It is odd how a single event can cause some notable leopards to change their spots. In this case, the election of Donald Trump has caused reverberations throughout the financial world, and some apparent self-reflection by several of the world’s leading thinkers.
The investment landscape and headlines of today would be unrecognizable to someone who fell asleep six months ago and suddenly snapped awake. Financial markets have undergone a tectonic shift that few saw coming. Back in the summer of 2016, the prevailing belief was that central banks were all-powerful and would forever push rates lower in a continuation of policies followed since the crash of 2008. In a show of force, the Bank of England announced a fresh cut to their interest rate to fend off an economic seizure in the face of the Brexit decision, the European Central Bank re-upped quantitative easing, and the Fed was maintaining overnight rates at just above zero.
Evergreen initiated a slightly modified version of its annual forecast EVA just over a year ago. We shifted from specific predictions to attempting to identify developments that could catch the investment community off-guard. As we noted at the time, this was an unabashed imitation of what Blackstone’s Byron Wien has done for years (including when he was Chief US Investment Strategist for Morgan Stanley). However, we also did this because it is the most unanticipated events that have the greatest market impact.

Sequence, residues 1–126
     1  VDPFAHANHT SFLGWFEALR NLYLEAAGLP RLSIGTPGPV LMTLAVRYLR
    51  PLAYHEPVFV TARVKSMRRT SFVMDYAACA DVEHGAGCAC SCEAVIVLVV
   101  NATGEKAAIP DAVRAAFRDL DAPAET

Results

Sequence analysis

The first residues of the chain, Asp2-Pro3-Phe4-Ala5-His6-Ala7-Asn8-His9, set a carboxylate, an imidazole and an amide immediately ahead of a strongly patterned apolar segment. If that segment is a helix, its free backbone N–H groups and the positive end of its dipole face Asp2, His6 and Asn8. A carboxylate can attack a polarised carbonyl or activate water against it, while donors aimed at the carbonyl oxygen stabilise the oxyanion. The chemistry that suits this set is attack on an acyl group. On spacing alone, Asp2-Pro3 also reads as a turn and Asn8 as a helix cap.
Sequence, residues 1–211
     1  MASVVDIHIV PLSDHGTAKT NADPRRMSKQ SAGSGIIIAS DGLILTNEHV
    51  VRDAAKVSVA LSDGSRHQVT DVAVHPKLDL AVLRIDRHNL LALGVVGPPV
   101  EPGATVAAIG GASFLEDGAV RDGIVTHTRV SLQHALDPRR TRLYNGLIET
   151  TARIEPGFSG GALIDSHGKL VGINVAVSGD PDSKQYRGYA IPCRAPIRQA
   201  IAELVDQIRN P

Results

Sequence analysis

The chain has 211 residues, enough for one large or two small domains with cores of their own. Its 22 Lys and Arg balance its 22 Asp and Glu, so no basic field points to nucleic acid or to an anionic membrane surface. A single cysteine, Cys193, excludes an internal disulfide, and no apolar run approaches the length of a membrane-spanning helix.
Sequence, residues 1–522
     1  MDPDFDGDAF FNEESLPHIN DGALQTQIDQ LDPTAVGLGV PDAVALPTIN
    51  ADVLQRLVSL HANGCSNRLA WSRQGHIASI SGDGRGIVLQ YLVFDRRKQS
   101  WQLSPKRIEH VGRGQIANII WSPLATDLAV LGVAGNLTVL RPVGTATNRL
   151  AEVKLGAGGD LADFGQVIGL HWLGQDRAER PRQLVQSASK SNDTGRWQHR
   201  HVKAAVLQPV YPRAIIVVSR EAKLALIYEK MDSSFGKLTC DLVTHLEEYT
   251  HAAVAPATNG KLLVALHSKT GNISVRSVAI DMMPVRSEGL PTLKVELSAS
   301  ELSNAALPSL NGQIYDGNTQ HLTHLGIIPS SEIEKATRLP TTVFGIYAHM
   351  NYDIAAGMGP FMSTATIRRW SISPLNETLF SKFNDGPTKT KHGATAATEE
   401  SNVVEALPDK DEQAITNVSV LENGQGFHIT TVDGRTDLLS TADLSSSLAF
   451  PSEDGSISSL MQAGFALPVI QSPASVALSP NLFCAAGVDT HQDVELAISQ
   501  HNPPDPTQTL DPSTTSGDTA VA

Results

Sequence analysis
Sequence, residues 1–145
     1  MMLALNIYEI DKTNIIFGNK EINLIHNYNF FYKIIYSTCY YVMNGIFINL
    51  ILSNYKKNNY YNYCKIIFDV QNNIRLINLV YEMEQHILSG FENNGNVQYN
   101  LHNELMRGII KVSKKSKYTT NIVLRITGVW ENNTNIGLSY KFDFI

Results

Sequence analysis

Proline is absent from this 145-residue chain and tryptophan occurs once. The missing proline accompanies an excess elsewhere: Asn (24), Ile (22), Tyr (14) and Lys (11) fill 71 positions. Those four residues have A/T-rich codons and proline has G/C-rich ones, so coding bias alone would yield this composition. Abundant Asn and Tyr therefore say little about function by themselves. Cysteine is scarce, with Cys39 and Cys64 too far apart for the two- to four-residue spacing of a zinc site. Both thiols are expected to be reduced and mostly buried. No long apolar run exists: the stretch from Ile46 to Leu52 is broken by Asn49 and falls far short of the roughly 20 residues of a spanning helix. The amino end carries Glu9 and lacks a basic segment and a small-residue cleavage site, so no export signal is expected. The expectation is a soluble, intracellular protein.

A Tale of Two Halves: If we simply evaluate global market returns last year, one might conclude 2016 was a fairly uneventful. Global stocks and bonds finished up 8%, and 4% respectively, which is generally what you’d expect in a typical year. However, if we dive a bit deeper “uneventful” wouldn’t be an appropriate description.
Legend has it that Richard Nixon once said: “We’re all Keynesians now.” In reality—and most ironically—those words were actually uttered years earlier by the ultimate anti-Keynesian economist, Milton Friedman. However, former President Nixon did riff off of this when he declared, after removing the US from the gold standard in 1971, “I’m now a Keynesian in economics.” Unsurprisingly, this turned out to be bad news for the American public as Mr. Nixon’s conversion unleashed a decade of stagnation and inflation. As a result, this wrenching experience produced a new term that the disciples of Keynes had previously believed was impossible: stagflation.